Significance of the family in consumer behavior

In this article we examined the topic of social groups in order to understand their relevance to individuals and how marketers could use this knowledge. Now we turn to the family, not just as a type of small group, but one that is often predominant in its influence over consumer behavior. The family is both a primary group (characterized by intimate, face to face interaction) and a reference group (with members referring to certain family values, norms, and standards in their behavior) These two factors, however are not the sole reasons accounting for the strength of the family’s influence. Rather, it is first, the fact that the bonds within the family are likely to be much more powerful than those in other small groups. Second, contrary to most other groups to which the consumer belongs the family functions directly in the role of ultimate consumption. Thus, the family operates as an economic unit, earning and spending money. In doing this, family members must establish individual and collective consumption priorities decide on products and brands that fulfill their needs, and also decide where these items are to be bought and how they are to be used in furthermore family members’ goals. Also, consumers attitudes toward spending and saving and even the brands and products purchased have been molded, often quite indelibly by the family’s influence on its members and the way in which purchase decisions are made by members so that they may effectively program their marketing mix. Table below Illustrates several ways in which families differ from other groups:


Differences between families and other groups:

Family Versus Other Groups

Formation by marriage or birth Formation by job or task

More permanent relationship More contractual relationship

More interpersonal relations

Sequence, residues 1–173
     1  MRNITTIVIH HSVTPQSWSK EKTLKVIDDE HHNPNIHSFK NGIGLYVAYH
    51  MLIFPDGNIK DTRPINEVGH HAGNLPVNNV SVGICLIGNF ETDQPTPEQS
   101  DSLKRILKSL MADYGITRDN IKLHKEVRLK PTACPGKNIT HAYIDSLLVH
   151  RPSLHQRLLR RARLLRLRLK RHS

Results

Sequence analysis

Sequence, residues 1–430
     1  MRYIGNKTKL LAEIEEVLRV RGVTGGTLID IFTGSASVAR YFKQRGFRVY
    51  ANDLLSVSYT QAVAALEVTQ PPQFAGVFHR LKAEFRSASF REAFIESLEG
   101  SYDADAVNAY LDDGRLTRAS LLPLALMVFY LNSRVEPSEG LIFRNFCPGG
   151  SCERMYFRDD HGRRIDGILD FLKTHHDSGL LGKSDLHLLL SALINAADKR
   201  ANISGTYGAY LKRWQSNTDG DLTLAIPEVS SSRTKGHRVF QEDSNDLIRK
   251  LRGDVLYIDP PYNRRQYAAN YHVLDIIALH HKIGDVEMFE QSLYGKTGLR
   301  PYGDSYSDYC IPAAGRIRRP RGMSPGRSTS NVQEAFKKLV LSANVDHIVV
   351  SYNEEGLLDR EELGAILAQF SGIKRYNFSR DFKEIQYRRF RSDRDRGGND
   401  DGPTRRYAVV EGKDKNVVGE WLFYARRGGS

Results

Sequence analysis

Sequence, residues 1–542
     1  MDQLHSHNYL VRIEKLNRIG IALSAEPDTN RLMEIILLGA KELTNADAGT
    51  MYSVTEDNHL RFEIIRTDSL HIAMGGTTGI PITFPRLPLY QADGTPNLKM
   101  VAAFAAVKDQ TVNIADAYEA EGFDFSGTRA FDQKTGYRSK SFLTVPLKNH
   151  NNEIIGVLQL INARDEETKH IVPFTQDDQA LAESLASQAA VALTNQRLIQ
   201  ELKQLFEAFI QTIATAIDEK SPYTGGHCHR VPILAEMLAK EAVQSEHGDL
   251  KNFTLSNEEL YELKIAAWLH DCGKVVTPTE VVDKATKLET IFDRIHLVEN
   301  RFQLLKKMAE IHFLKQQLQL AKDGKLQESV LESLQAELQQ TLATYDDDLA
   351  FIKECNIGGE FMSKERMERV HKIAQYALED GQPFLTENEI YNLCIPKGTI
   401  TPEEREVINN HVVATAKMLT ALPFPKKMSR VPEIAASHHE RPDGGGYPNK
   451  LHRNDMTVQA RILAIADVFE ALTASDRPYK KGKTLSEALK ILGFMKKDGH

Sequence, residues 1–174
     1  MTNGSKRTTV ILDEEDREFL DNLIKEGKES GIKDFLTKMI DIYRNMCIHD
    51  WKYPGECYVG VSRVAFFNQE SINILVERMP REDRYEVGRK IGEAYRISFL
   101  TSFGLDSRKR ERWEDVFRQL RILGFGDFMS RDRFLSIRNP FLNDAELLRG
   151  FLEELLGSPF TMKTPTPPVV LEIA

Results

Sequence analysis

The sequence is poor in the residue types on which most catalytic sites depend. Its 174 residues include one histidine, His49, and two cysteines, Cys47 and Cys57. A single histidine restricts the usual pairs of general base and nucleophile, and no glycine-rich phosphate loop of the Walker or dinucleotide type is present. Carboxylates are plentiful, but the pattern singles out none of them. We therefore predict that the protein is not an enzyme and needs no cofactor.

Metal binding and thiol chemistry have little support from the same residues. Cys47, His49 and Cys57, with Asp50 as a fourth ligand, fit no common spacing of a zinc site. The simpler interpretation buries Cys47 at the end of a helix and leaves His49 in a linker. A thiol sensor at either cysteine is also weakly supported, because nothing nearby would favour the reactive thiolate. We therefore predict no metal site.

oriented More Goal oriented

More intrinsic value seeking More rational oriented ties

Group oriented (cooperative) Self-oriented (competitive)

The thrust of this article will first be to review several terms important in understanding this subject. Second, we shall describe the basic functions of the family. Next, we shall examine the family life cycle concept and assess its meaning for the marketer. Family organization and decision making roles will then be discussed also incorporating marketing implications and examples. Finally the changing nature of the family especially here in America, will be discussed along with implications for marketers who face this changing scene.

Families and household:

It is important to understand the difference between various terms that are frequently encountered when discussing the concept of family. First, we should distinguish between the terms family and household since market statistics may be gathered on either of these bases. A house hold includes the related family members and all the unrelated persons who occupy a housing unit (whether house, apartment group of rooms, or others). Thus, households may be of two main types: families and non-families. Most Americans live in households, those who don’t live in group quarters such as military barracks, prisons, nursing homes and college dormitories. The terms family however is more limited and refers to a group of two or more persons connected by blood, marriage, or adoption and residing together as household. Families comprise approximately seven out of ten households, One way families are classified by the Census Bureau is on the basis of the householder’s (i.e. the person in whose name the housing unit is owned or rented ) marital status . a householder who lives with his or her spouse is a married couple family ( about 56 percent of all households) Families may also be classified on the basis of whether children are present Although the term would appear to refer only to people under age 18, it actually can refer to children of any age. In fact, over half of all 18 to 24 year olds live with their parents.

It should be noted that marketers are interested not only in the concept of families but also of households, since both may form the basis or framework of much consumer decision making and buying behavior. The marketer will use the concept that seems most relevant for segmenting markets. For instance manufacturers of refrigerators, dishwashers, ranges and other kitchen appliances would probably find households to be the most relevant dimensions in estimating market size purchase and replacement of these appliances would depend more on household formation than family formation. On the other hand, sellers of children’s clothing and toys would probably be more interested in data on families.